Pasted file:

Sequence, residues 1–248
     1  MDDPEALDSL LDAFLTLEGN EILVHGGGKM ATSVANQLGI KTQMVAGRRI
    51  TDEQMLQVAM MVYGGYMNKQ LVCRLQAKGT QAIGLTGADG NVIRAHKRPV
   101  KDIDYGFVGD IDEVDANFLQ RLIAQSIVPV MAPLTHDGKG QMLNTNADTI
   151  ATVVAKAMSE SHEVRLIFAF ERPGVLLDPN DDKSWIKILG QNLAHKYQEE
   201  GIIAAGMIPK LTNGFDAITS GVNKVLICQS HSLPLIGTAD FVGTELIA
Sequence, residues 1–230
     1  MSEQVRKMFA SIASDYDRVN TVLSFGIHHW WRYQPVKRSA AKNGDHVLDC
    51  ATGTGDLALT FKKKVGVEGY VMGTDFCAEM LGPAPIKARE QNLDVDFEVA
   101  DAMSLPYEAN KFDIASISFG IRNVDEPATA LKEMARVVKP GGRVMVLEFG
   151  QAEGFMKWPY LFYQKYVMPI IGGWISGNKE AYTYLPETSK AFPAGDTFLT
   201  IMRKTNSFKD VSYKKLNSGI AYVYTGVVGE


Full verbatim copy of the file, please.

Sequence, residues 1–248
     1  MDDPEALDSL LDAFLTLEGN EILVHGGGKM ATSVANQLGI KTQMVAGRRI
    51  TDEQMLQVAM MVYGGYMNKQ LVCRLQAKGT QAIGLTGADG NVIRAHKRPV
   101  KDIDYGFVGD IDEVDANFLQ RLIAQSIVPV MAPLTHDGKG QMLNTNADTI
   151  ATVVAKAMSE SHEVRLIFAF ERPGVLLDPN DDKSWIKILG QNLAHKYQEE
   201  GIIAAGMIPK LTNGFDAITS GVNKVLICQS HSLPLIGTAD FVGTELIA
Sequence, residues 1–230
     1  MSEQVRKMFA SIASDYDRVN TVLSFGIHHW WRYQPVKRSA AKNGDHVLDC
    51  ATGTGDLALT FKKKVGVEGY VMGTDFCAEM LGPAPIKARE QNLDVDFEVA
   101  DAMSLPYEAN KFDIASISFG IRNVDEPATA LKEMARVVKP GGRVMVLEFG
   151  QAEGFMKWPY LFYQKYVMPI IGGWISGNKE AYTYLPETSK AFPAGDTFLT
   201  IMRKTNSFKD VSYKKLNSGI AYVYTGVVGE